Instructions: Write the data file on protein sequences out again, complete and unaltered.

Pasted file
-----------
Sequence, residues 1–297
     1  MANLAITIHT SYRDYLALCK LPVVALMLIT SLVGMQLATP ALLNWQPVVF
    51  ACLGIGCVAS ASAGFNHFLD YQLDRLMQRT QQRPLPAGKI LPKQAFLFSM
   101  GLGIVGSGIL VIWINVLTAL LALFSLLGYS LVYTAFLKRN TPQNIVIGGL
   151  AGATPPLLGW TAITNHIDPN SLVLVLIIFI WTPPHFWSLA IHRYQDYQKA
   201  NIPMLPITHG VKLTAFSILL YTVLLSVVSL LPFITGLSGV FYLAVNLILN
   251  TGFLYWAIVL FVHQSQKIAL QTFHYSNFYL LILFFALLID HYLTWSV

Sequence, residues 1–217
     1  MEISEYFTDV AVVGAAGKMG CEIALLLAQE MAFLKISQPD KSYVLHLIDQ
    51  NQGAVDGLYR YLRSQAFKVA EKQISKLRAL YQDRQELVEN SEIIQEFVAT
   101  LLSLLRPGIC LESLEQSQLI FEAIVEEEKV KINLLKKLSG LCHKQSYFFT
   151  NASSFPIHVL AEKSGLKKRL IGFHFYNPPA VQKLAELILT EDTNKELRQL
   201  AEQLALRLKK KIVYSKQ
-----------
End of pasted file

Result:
Sequence, residues 1–297
     1  MANLAITIHT SYRDYLALCK LPVVALMLIT SLVGMQLATP ALLNWQPVVF
    51  ACLGIGCVAS ASAGFNHFLD YQLDRLMQRT QQRPLPAGKI LPKQAFLFSM
   101  GLGIVGSGIL VIWINVLTAL LALFSLLGYS LVYTAFLKRN TPQNIVIGGL
   151  AGATPPLLGW TAITNHIDPN SLVLVLIIFI WTPPHFWSLA IHRYQDYQKA
   201  NIPMLPITHG VKLTAFSILL YTVLLSVVSL LPFITGLSGV FYLAVNLILN
   251  TGFLYWAIVL FVHQSQKIAL QTFHYSNFYL LILFFALLID HYLTWSV

Sequence, residues 1–217
     1  MEISEYFTDV AVVGAAGKMG CEIALLLAQE MAFLKISQPD KSYVLHLIDQ
    51  NQGAVDGLYR YLRSQAFKVA EKQISKLRAL YQDRQELVEN SEIIQEFVAT
   101  LLSLLRPGIC LESLEQSQLI FEAIVEEEKV KINLLKKLSG LCHKQSYFFT
   151  NASSFPIHVL AEKSGLKKRL IGFHFYNPPA VQKLAELILT EDTNKELRQL
   201  AEQLALRLKK KIVYSKQ